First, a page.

Today the neighborhood jam-makers’ guild met once again, this time to process 2 kilos of sour cherries and 2 kilos of apricots. Using the same 2:1 ratio of fruit to sugar as we did two weeks ago, we came up with the following variations:
Sour cherry and lemon verbena (3 jars)
Sour cherry and walnut (3 jars)
Apricot (2 jars)
Apricot-lavender (2 jars)
Apricot-lemon verbena (1 jar)
The walnuts were toasted and then cooked with the jam; the herbs were chopped and placed in the jar before the hot jam was poured over them.
My previous jam-making post elicited some concern from a few readers because of our method of sealing the jars by igniting a thin layer of rum, putting on the lids, and inverting the jars. The consensus of the jam-makers’ guild is that nothing is certain and that there is always a risk that the jam may turn moldy. However, our eyes, noses, and taste buds are normally capable of sensing if food has gone bad, in which case we would dispose of the jam instead of eating it.
You should be familiar with sour cherries from my previous post but what about apricots? Though the apricot tree originated in Mongolia and not in Armenia, as its name Prunus armeniaca would indicate, it has a special place in Armenian culture. Cultivated in the Caucasus since at least 6000 BC, its wood is used to make the duduk, a double-reed instrument also called tsiranapogh, which means “apricot flute” in Armenian. Listen to Djivan Gasparyan, the world’s most famous dudek player, here.
Apricots also play a role in Austrian cuisine, most famously in Marillenknödel, or apricot dumplings, about which you’ll read more very soon. Faschingskrapfen, the jelly-filled donuts ubiquitous before the start of Lent, have an apricot-flavored filling. Apricot schnapps and apricot liqueurs are also common.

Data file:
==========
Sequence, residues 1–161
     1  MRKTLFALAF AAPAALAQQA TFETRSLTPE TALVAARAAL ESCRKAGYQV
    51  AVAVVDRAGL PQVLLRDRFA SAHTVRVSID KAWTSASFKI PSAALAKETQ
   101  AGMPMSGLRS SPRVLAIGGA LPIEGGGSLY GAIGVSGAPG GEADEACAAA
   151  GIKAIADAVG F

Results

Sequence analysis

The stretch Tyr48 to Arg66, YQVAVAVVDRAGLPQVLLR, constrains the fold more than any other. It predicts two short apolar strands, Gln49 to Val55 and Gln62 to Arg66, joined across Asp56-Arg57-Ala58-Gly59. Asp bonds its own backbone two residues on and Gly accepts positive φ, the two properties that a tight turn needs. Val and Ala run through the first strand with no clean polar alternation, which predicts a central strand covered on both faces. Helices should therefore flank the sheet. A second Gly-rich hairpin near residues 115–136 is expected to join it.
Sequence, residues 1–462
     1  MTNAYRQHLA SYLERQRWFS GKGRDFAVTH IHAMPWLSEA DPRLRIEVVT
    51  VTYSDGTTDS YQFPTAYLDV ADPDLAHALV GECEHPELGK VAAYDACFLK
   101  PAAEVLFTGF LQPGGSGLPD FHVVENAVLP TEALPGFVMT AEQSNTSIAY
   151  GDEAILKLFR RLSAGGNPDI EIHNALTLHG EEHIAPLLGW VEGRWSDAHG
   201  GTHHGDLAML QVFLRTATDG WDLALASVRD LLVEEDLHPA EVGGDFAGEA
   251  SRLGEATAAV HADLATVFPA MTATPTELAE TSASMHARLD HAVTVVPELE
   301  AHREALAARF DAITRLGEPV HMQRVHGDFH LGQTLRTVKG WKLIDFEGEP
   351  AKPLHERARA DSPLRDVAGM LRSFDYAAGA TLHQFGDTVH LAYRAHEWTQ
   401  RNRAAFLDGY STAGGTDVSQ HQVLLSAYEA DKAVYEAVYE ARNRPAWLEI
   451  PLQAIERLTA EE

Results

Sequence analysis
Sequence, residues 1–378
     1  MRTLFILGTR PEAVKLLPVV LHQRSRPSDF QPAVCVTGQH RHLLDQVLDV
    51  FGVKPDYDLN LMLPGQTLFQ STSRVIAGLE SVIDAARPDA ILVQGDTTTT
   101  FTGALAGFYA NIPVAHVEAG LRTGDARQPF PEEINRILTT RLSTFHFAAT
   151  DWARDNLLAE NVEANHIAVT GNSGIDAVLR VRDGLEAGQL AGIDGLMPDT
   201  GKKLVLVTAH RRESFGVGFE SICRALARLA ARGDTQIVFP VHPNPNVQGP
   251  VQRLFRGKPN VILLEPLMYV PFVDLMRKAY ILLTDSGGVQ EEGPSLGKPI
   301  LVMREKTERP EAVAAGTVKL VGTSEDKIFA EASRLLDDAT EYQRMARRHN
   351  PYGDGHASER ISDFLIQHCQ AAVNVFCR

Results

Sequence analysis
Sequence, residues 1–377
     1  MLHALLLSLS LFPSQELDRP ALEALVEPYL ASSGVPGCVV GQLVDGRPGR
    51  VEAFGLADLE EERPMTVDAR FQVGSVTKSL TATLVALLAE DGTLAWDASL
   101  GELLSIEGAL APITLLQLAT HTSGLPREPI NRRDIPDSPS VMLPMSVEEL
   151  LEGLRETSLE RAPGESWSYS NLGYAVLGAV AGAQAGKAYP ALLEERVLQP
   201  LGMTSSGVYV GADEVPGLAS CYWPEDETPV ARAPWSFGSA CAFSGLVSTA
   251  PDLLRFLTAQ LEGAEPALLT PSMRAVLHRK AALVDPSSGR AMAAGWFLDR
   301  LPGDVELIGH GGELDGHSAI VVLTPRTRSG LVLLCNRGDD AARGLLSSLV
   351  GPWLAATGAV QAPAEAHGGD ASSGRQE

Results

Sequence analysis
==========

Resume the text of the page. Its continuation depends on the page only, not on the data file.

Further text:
The first mention of apricots being cultivated in Austria was in 1679 in Lower Austria, the province where the Wachau is located. The Wachau refers to the Danube valley between Melk and Krems that is known for apricot and wine production. The Wachau apricot has the label Protected Designation of Origin established by the EU. Products claiming to have Wachau apricots in them must be produced, processed, and prepared in the region. This label is not to be confused with the label Protected Geographical Indication, which only requires that the food product be prepared, processed, or produced in the region – i.e. one of three steps instead of all of three. Styrian pumpkin seed oil falls into the latter category.
A study done in 2006 by the consumer protection association Verein für Konsumenteninformation revealed that of 28 jams professing to be made in Austria, one contained solely Austrian apricots, three contained a mixture of Austrian and imported apricots, and the rest contained apricots from other European countries and Turkey. Apparently it is enough for the product to be processed in Austria for it to be labeled “Made in Austria” – buyer beware! Frankly, I find this misleading advertising more troubling than the presence of mold in homemade jam. I guess the only way to be certain of the source of your jam is to find a local source of apricots and make it yourself.